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Features E-cigarettes negatively affect students

E-cigarettes negatively affect students

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Stress is a common factor that is most college students’ lives. To relieve it, students listen to music, play with music or exercise, while other students may pick up certain activities such as caffeine, shopping excessively or using e-cigarettes to blow off steam. 

This trend of e-cigarette usage has grown tremendously through the use of social media platforms such as Vine, Instagram and Snapchat, where users make master edits of themselves doing tricks with smoke along with good music and visual edits. 

It caught the attention of youth for the use among high schoolers increasing by 78 percent according to the 2018 National Youth Tobacco Survey. With 20 percent of high schoolers now using e-cigarettes, the government is now intervening on this apparent crisis.

So far, 7 people have died from using e-cigarettes due to unknown circumstances along with 500 having lung injuries. On Sept. 11, Trump held a press conference in regard to the progress of banning all vaping products referencing the youth. 

“We can’t have our youth be so affected,” Trump said.  

The fears that many vaping companies have is that if this ban is successful then it will cause past smokers to go back to cigarettes or bring new people to try them to fulfill their nicotine needs. Whether their claims are true or not, some members of the Southern Miss community share their thoughts on the situation.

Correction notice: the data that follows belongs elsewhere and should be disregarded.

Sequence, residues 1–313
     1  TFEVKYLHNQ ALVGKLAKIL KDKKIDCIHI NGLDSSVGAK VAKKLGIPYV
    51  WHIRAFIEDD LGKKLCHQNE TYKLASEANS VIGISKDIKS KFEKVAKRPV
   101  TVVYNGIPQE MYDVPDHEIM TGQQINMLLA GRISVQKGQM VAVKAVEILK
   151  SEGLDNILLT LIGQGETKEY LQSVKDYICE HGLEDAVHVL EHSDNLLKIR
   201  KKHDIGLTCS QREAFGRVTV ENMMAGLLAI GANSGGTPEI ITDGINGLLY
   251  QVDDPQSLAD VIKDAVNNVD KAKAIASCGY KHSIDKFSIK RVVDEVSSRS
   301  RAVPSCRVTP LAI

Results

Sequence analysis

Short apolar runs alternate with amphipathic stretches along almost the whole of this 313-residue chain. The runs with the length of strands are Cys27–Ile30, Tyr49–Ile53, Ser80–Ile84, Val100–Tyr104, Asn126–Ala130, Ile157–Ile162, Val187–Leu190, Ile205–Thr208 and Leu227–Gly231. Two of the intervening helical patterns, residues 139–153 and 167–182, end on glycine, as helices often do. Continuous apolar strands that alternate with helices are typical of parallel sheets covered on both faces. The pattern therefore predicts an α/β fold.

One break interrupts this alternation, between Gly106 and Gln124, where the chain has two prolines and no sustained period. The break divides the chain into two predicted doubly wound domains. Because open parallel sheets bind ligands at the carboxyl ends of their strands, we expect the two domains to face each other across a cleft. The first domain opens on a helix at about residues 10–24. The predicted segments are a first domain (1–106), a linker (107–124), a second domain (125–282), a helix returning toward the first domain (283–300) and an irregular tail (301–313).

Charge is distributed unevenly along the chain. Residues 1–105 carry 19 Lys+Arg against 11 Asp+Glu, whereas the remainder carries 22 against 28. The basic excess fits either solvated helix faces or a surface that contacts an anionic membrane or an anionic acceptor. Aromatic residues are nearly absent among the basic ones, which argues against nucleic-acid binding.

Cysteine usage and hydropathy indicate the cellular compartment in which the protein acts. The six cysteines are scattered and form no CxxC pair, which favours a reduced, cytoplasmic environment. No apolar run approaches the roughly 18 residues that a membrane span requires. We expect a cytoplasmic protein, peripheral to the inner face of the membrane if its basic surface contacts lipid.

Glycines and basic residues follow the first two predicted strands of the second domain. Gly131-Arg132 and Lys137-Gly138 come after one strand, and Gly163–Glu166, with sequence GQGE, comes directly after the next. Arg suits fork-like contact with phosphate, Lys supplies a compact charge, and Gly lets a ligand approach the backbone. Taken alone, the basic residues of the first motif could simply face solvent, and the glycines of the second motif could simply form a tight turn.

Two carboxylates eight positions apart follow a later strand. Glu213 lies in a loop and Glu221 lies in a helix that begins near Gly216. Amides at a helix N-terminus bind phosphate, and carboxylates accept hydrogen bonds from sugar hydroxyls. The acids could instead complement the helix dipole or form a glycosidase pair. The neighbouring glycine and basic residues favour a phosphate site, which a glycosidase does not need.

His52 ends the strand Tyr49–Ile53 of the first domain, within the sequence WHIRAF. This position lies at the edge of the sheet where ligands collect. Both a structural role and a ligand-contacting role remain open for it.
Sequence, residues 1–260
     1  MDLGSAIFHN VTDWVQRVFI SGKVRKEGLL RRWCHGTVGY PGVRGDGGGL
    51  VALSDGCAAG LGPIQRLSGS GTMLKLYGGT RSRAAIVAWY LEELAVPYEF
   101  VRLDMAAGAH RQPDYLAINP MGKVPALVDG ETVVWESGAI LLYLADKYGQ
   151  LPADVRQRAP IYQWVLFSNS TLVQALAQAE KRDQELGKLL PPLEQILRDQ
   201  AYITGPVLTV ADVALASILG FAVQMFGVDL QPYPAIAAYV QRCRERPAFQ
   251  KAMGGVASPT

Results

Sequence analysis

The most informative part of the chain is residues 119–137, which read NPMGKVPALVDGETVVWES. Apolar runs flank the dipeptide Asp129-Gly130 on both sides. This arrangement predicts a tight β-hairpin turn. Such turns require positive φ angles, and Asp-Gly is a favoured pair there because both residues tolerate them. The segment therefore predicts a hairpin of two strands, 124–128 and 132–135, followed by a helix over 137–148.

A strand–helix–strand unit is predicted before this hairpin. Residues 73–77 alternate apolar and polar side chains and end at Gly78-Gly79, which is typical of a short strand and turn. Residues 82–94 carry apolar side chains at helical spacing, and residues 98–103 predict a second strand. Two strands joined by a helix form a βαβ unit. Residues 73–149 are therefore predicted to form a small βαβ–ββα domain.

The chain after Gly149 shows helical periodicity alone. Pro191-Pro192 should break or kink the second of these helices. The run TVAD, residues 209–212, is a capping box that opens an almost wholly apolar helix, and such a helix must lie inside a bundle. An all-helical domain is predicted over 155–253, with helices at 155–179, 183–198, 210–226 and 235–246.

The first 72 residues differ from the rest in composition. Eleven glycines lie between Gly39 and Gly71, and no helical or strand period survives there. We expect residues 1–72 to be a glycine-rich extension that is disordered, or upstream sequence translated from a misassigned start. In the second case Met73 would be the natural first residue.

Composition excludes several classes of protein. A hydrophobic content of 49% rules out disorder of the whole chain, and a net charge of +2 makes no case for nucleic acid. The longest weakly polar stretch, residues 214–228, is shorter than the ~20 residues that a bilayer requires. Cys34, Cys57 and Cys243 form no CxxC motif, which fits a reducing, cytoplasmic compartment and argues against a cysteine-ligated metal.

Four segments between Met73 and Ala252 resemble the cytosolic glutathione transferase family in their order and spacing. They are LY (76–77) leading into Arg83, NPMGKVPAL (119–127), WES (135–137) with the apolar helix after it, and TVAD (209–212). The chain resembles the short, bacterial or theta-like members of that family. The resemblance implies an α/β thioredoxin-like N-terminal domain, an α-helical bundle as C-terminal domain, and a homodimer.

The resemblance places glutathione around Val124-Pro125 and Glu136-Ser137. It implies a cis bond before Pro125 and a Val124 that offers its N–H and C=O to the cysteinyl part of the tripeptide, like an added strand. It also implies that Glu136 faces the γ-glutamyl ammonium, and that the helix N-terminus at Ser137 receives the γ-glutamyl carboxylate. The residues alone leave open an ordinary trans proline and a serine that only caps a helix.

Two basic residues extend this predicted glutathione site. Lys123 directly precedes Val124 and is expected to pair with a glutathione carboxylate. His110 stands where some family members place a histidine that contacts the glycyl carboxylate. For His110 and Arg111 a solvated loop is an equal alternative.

Health Educator and Promotions Coordinator at Moffitt Health Center Kayla Johnson is a certified health education specialist who has been a part of Southern Miss’ tobacco-free policy implementation. 

Johnson describes a few of the side effects students can have who smoke e-cigarettes can include risks to heart health, disruption of lung functions, cough, trouble breathing, chest pain, nausea, vomiting and diarrhea. 

Sophomore speech pathology major Anna Taylor* shared similar concerns to her health.

“My sophomore year of high school, I started to vape, and my friends were doing it, so I decided to get one,” Taylor said. “One thing that worries me about my health is I’m coughing a lot more since I started.”

Senior biomedical sciences major Zach Wellington* said he also began vaping when he saw his friends in the fraternity using vapes and e-cigarettes. 

The ‘buzz’ that comes from using e-cigarettes relieves stress for Taylor and Wellington, but Johnson touched on the addictive qualities from these products. 

“There is a belief that these are safer than traditional cigarettes, but they do still have some risk associated with their use. The liquid used in vaping devices and the more popular JUUL contain nicotine which is highly addictive,” Johnson said. “So what starts out as a your person trying it because of the flavors, becomes that individual being addicted to nicotine.”

The amount of college students who consume nicotine has consistently grown; both Taylor and Wellington agree that they would not carry on this experience if the ban is fully processed nationally. 

“I agree with Trump because I think it’s not smart to even have them to get more people addicted to nicotine. If it were to be banned, I would personally save a lot of money,” Taylor said.

Wellington said that although he would stop using nicotine products, he found the potential ban comical.

“Why would the president advocate for an e-cig ban, and not focus on eradicating cigarettes? If the ban is successful, I will most likely stop my use of nicotine because I have no inclination to smoke cigarettes, dip…But I would save more money if the ban was enacted,” Wellington said.

Johnson showed no surprise to the government now taking action over this issue.

“With the increase in reported illnesses linked to the use of these devices, specifically the flavored liquids, I am not surprised to see some form of action being taken. At a certain point, it becomes a public health issue and intervention is needed,” Johnson said.

*Names have been changed for anonymity.

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